New findings by a Queen's University research team dispel the popular notion that eating so-called "natural" foods will protect against cancer.
In fact, certain types of common foods and alcoholic beverages such as wine, cheese, yogurt and bread contain trace amounts of carcinogens. Maintaining a balanced diet from a variety of sources – including garlic – is a better choice, the researchers suggest.
Led by Dr. Poh-Gek Forkert of Queen's Department of Anatomy and Cell Biology, the team has discovered that a naturally-occurring carcinogen found in alcoholic beverages and fermented foods causes DNA modification and mutations, ultimately leading to abnormal cell growth and lung cancer. Her research also shows that a component of garlic significantly reduces these changes.
The most recent Queen's findings are published on-line today in the journal, Carcinogenesis. This is the third in a series of four related papers: two of the companion papers are published on-line in the International Journal of Cancer and Drug Metabolism and Disposition.
Dr. Forkert's team includes PhD student Lya Hernandez and postdoctoral fellows, Drs. Heidi Chen and Ashish Sharma (all from Anatomy and Cell Biology). Also collaborating on the team are PhD student Martin Kaufmann (Biochemistry), Dr. Glenville Jones (Biochemistry), and Dr. Raymond Bowers (Chemistry).
The researchers are studying the effects of treatment with vinyl carbamate in mice. This substance is derived from ethyl carbamate (urethane), a by-product of fermentation found in alcoholic beverages, and fermented foods like cheese, yogurt and bread. It is also present naturally in tobacco.
Now labeled as a potential human carcinogen by both the World Health Organization and the International Agency for Research on Cancer, urethane was given inadvertently to millions of patients in Japan, between 1950 and 1975, in analgesic and sedative drugs. It was estimated that the total dose of urethane administered to a 60-kilogram patient was about 0.6 to 3.0 grams. This is believed to be the largest dose on record of a pure carcinogen administered directly to people.
In 1985, Health and Welfare Canada placed limits on urethane contained in Canadian (but not imported) alcoholic beverages. "The problem is how to regulate the levels in imported goods," says Dr. Forkert.
In these studies, the mice were administered a single high dose of the carcinogenic chemical. Human exposure differs from that in mice in that it is much lower, and occurs over a prolonged period of time. A question has been raised regarding the effect on people who ingest low levels of the chemical daily over many years, and perhaps over a lifetime.
"We believe that people should not be apprehensive about consuming these foods and beverages: if consumed at low levels, they probably don't pose a risk. It might be prudent, however, to have a varied diet and to limit drinking certain alcoholic beverages," says Dr. Forkert. "And include garlic!" she adds.
Nancy Dorrance | EurekAlert!
Multi-year study finds 'hotspots' of ammonia over world's major agricultural areas
17.03.2017 | University of Maryland
Diabetes Drug May Improve Bone Fat-induced Defects of Fracture Healing
17.03.2017 | Deutsches Institut für Ernährungsforschung Potsdam-Rehbrücke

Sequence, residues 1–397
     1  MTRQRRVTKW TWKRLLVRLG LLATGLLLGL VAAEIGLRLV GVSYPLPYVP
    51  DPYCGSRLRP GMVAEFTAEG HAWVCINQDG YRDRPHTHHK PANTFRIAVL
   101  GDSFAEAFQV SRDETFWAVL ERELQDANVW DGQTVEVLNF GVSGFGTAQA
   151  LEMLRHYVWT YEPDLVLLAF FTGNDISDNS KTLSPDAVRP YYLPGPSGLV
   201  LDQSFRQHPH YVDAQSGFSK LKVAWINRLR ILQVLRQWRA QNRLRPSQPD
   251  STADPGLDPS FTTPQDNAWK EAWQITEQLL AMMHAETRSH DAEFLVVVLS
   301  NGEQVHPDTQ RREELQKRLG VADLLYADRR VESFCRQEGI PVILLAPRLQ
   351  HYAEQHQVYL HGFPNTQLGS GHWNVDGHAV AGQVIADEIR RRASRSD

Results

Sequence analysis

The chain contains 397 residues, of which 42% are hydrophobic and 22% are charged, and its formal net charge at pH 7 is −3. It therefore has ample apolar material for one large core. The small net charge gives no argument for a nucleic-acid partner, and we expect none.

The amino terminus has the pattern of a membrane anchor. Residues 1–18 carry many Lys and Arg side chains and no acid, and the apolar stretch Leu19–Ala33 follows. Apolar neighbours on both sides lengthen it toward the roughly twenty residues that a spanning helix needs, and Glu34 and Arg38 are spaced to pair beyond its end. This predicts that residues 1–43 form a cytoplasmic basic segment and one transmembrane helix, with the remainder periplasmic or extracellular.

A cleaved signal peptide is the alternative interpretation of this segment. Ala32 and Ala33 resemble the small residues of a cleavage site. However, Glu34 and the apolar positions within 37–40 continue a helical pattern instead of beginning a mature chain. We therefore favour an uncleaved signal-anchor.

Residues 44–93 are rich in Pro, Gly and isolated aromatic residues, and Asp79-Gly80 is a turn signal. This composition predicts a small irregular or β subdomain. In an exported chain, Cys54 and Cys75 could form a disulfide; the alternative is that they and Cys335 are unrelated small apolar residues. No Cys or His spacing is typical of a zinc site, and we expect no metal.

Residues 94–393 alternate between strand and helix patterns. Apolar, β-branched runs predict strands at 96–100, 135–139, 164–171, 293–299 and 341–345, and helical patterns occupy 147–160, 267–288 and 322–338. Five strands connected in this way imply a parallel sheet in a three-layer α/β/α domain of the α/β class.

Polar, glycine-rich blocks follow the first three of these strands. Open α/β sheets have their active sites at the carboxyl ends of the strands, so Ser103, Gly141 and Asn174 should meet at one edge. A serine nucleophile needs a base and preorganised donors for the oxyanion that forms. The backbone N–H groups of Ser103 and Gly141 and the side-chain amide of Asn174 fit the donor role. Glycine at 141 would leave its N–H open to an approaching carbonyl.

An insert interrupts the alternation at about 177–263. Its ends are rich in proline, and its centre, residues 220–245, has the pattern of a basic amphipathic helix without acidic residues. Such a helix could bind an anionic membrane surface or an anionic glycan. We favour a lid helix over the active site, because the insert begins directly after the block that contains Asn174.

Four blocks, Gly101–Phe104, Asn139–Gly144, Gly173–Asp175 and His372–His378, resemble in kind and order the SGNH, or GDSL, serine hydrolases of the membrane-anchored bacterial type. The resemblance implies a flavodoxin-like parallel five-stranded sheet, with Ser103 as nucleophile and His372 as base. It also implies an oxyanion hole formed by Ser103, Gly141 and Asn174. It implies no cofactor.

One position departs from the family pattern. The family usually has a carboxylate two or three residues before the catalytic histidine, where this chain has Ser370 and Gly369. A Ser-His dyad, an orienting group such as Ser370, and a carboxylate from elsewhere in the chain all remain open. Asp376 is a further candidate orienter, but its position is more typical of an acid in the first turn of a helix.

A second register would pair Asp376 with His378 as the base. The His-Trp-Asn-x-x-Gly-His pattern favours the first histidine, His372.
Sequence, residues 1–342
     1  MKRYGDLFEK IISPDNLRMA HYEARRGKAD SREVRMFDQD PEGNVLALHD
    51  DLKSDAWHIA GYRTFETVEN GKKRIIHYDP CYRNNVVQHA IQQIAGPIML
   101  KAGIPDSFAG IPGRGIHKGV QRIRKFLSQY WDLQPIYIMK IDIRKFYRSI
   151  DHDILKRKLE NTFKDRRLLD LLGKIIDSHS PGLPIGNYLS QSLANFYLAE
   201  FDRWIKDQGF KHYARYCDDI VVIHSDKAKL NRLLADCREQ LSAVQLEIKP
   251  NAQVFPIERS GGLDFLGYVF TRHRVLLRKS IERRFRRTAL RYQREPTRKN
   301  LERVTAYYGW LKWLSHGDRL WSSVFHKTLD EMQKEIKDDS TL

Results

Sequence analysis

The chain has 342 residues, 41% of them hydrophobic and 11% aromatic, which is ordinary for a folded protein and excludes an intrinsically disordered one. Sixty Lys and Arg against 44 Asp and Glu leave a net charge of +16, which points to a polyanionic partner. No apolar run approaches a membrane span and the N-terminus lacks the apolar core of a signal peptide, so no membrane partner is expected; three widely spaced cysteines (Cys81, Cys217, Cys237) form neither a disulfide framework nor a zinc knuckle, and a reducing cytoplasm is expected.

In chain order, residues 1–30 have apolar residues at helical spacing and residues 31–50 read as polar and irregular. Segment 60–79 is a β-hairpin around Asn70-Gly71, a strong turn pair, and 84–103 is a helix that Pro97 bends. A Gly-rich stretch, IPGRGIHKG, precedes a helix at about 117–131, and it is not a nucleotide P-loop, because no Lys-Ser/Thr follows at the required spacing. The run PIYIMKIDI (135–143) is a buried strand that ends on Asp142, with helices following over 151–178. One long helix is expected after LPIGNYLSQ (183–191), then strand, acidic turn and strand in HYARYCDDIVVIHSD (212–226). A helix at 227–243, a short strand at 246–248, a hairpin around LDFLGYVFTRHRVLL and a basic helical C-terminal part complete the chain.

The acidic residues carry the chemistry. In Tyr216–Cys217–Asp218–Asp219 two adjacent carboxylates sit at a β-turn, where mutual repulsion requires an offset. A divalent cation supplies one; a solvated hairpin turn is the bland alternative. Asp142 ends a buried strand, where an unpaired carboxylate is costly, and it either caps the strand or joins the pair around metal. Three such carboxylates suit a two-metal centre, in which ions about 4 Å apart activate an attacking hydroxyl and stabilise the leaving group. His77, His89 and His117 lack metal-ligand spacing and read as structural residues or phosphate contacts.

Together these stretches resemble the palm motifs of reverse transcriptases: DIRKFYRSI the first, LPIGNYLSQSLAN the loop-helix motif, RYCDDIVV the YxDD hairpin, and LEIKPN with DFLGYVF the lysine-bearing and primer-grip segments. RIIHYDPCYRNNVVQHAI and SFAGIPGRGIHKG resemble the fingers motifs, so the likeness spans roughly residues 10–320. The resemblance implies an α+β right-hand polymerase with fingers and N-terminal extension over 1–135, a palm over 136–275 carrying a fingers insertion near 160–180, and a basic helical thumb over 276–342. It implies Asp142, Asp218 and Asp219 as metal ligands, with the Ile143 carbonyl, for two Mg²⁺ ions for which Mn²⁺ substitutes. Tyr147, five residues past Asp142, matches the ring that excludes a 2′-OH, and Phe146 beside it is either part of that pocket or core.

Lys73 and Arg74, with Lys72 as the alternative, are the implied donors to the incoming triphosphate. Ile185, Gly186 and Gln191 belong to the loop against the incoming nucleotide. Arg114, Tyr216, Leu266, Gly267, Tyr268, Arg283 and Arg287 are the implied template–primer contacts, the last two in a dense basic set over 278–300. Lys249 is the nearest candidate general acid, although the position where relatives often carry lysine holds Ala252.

Astronomers from Bonn and Tautenburg in Thuringia (Germany) used the 100-m radio telescope at Effelsberg to observe several galaxy clusters. At the edges of these large accumulations of dark matter, stellar systems (galaxies), hot gas, and charged particles, they found magnetic fields that are exceptionally ordered over distances of many million light years. This makes them the most extended magnetic fields in the universe known so far.
The results will be published on March 22 in the journal „Astronomy & Astrophysics“.
Galaxy clusters are the largest gravitationally bound structures in the universe. With a typical extent of about 10 million light years, i.e. 100 times the...
Researchers at the Goethe University Frankfurt, together with partners from the University of Tübingen in Germany and Queen Mary University as well as Francis Crick Institute from London (UK) have developed a novel technology to decipher the secret ubiquitin code.
Ubiquitin is a small protein that can be linked to other cellular proteins, thereby controlling and modulating their functions. The attachment occurs in many...
In the eternal search for next generation high-efficiency solar cells and LEDs, scientists at Los Alamos National Laboratory and their partners are creating...
Silicon nanosheets are thin, two-dimensional layers with exceptional optoelectronic properties very similar to those of graphene. Albeit, the nanosheets are less stable. Now researchers at the Technical University of Munich (TUM) have, for the first time ever, produced a composite material combining silicon nanosheets and a polymer that is both UV-resistant and easy to process. This brings the scientists a significant step closer to industrial applications like flexible displays and photosensors.
Silicon nanosheets are thin, two-dimensional layers with exceptional optoelectronic properties very similar to those of graphene. Albeit, the nanosheets are...
Enzymes behave differently in a test tube compared with the molecular scrum of a living cell. Chemists from the University of Basel have now been able to simulate these confined natural conditions in artificial vesicles for the first time. As reported in the academic journal Small, the results are offering better insight into the development of nanoreactors and artificial organelles.
Enzymes behave differently in a test tube compared with the molecular scrum of a living cell. Chemists from the University of Basel have now been able to...
20.03.2017 | Event News
14.03.2017 | Event News
07.03.2017 | Event News
23.03.2017 | Life Sciences
23.03.2017 | Power and Electrical Engineering
23.03.2017 | Earth Sciences